Tax Freedom Day is April 19

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By on April 19, 2018 in Pay & Benefits with 0 Comments

Tax Freedom Day will fall on April 19 this year, 109 days into the calendar year. Last year it was on April 23.

What is Tax Freedom Day?

According to the Tax Foundation, Tax Freedom Day is the date on which the nation as a whole has earned enough money to pay its full tax bill for the year, taking into account all federal, state and local taxes. The day it hits will vary for each state since states have varying tax rates. The map below shows the date for each state.

United States map showing the date for Tax Freedom Day in each state

Taxes Paid by Americans

The IRS collected more than $3.4 trillion in gross taxes in 2017 according to its latest data. The Tax Foundation notes that in 2018, Americans will pay $3.39 trillion in federal taxes and $1.80 trillion in state and local taxes, for a total tax bill of $5.19 trillion, or 30 percent of national income.

The Tax Foundation said that Americans will work the longest to pay federal, state, and local individual income taxes (44 days). Payroll taxes will take 26 days to pay, followed by sales and excise taxes (15 days), corporate income taxes (seven days), and property taxes (11 days). The remaining six days are spent paying estate and inheritance taxes, customs duties, and other taxes.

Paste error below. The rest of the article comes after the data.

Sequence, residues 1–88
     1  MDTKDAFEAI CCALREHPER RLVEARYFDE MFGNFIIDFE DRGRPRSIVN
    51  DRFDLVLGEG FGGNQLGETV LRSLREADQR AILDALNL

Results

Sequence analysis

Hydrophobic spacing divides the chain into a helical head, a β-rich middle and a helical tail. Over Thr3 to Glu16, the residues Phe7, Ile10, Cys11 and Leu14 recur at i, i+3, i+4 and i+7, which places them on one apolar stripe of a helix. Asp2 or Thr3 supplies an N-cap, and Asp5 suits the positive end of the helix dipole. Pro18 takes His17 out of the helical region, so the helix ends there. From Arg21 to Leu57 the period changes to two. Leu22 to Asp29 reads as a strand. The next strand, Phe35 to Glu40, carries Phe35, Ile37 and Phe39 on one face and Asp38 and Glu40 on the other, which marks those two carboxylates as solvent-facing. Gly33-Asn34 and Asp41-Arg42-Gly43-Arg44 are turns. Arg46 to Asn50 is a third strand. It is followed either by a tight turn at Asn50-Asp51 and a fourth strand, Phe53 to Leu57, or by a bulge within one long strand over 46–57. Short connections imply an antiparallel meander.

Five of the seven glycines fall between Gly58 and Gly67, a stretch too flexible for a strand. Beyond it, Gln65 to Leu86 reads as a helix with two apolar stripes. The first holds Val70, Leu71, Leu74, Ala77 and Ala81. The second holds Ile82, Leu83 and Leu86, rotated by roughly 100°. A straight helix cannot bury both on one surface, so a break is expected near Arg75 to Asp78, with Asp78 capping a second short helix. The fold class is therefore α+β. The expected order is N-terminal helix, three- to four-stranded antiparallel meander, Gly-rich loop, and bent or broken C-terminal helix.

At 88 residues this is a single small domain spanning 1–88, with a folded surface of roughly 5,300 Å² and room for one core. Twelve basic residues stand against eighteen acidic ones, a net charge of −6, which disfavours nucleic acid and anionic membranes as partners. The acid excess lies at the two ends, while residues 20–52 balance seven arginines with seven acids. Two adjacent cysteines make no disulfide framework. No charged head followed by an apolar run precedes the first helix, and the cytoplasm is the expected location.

As a percentage of spending, Americans pay more in taxes than they do on food, clothing and housing combined as the chart below indicates.

Bar chart showing that Americans' spending to pay taxes in 2018 is more than their spending on clothing, food and housing combined

What is Your Tax Rate?

Do you know how much you pay in taxes?

According to a recent study, many Americans don’t. In a study that was conducted by Michigan State University, 85% of the adults surveyed overstated their total tax burdens, in some cases quite dramatically.

Some of that was due to the respondents’ own biases, but a lack of knowledge about a complex tax code was apparently a factor was well.

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About the Author

Ian Smith is one of the co-founders of FedSmith.com. He enjoys writing about current topics that affect the federal workforce.

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